Public health campaigns comparable to those mounted against tobacco and HIV will be needed to tackle the growing threat posed by climate change, according to the authors of a major new report.
Medics and governments must urgently tackle global warming as burning fossil fuels triggers fatal heatwaves, contributes to toxic air pollution and aids in the spread of diseases, the reserahcers said.
This could mean anything from heatwave warnings at train stations to doctors fighting for climate action in an effort to address what experts have dubbed the “greatest threat to global health”.
“The role of the health profession is to help the public and help policy makers understand that it’s not just an environmental issue, it’s a critical issues for the health of our patients,” said Dr Nick Watts, executive director of The Lancet Countdown report on health and climate change.
“It’s no longer about a polar bear a long way away, now it’s actually about a child with asthma standing next to you.”
The summer saw heatwaves grip much of the northern hemisphere, with hundreds of additional deaths across the UK attributed to heat stress.
This trend is set to continue, and last year 157 million more people were exposed to heatwaves around the world than in 2000.
Hospitals worldwide must be prepared for an influx of heat-related illness, especially among older people and those suffering from heart and lung disease or diabetes.
But the report warns that heat is just one element of climate change’s health impact, with unseasonable weather responsible for diseases like cholera and dengue fever spreading into new areas.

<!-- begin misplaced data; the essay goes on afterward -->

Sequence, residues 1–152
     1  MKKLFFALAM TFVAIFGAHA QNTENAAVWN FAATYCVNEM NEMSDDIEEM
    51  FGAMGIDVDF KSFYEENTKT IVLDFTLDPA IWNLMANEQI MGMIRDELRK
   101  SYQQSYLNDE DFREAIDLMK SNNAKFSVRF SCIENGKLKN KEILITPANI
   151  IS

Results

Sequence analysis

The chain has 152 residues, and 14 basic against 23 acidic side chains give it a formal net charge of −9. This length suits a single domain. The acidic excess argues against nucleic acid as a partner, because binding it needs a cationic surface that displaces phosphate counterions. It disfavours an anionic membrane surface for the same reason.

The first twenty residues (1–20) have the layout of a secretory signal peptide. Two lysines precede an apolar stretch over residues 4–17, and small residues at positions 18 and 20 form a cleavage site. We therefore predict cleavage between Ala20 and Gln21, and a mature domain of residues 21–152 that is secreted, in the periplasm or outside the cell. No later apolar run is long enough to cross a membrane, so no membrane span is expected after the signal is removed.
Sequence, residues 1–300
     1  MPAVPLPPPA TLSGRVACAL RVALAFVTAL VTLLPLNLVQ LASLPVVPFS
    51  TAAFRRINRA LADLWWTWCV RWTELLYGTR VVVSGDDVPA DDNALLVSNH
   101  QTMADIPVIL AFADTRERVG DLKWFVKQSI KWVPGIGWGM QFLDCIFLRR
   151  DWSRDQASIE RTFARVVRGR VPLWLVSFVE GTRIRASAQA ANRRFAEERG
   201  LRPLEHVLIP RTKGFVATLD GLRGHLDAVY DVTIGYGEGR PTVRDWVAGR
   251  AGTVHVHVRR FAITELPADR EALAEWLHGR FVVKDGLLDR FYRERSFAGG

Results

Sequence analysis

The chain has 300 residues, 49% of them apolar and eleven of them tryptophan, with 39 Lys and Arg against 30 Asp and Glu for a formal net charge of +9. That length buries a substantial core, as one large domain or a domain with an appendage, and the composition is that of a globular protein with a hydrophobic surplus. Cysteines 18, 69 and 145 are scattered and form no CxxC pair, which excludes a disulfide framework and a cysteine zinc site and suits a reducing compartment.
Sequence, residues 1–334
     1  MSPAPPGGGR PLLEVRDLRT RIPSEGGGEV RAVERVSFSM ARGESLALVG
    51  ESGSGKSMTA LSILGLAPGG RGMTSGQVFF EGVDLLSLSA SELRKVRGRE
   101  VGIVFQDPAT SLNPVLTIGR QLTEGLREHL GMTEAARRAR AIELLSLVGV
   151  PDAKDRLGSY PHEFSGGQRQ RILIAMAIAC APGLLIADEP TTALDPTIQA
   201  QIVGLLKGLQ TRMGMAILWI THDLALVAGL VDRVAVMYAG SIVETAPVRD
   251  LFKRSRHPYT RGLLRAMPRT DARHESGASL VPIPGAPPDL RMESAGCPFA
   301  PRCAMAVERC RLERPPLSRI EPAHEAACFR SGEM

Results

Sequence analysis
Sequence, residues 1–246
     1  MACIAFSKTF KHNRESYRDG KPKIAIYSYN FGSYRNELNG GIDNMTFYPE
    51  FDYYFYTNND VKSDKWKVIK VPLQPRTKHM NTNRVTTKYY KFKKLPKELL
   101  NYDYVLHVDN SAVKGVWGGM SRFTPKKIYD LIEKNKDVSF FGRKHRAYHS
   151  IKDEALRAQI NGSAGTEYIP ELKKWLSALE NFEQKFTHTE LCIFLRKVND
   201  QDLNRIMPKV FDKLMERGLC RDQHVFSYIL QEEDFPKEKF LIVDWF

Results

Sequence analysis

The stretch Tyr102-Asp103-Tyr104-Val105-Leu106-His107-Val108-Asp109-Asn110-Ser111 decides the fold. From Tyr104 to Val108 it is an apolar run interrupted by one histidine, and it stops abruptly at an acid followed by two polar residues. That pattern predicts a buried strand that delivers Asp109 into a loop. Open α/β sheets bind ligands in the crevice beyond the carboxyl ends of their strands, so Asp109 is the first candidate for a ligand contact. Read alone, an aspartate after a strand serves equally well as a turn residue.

Dr Watts said in the past the medical profession had “moved mountains” on behalf of its patients, pushing for mass vaccination programmes and anti-tobacco campaigns.
With climate change threatening to “undermine the last 50 years of gains in public health”, he said many existing warning systems and public health measures will need to be overturned.
“The danger is if you have a plan that is not fit for purpose because it assumes the climate is not changing,” he said.
In his native Australia Dr Watts said this might mean warnings against the malaria creeping into previously untouched parts of the north east, or campaigns in the UK similar to the Mayor of London Sadiq Khan’s air pollution warning signs.
“It wouldn’t be unreasonable to say we are going to start doing that at bus stops and train stations – as we know that the urban elderly are among the most vulnerable to these extremes of heat,” he said.
Among the recommendations laid out in the expansive report was a commitment by the UK government to go carbon neutral by 2050 to help keep global warming below the 1.5C target recommended by leading climate scientists.
They also advocated a phase-out of petrol and diesel cars, a switch to plant-based diets and the inclusion of climate change in all medical training.
“All sectors – from policymakers, to industry leaders, to the general public – must prioritise action on climate change if we are to significantly reduce the potentially devastating impact on our planet and our health, affecting generations to come,” said Dr Howard Frumkin from the Wellcome Trust, a biomedical research charity which supported the work.
“This is the greatest threat to global health and survival for humanity of this century,” added Professor Hugh Montgomery of University College London, who also contributed to the report. “It may well be that it is far too late even now to do something about this, but we have got to act.”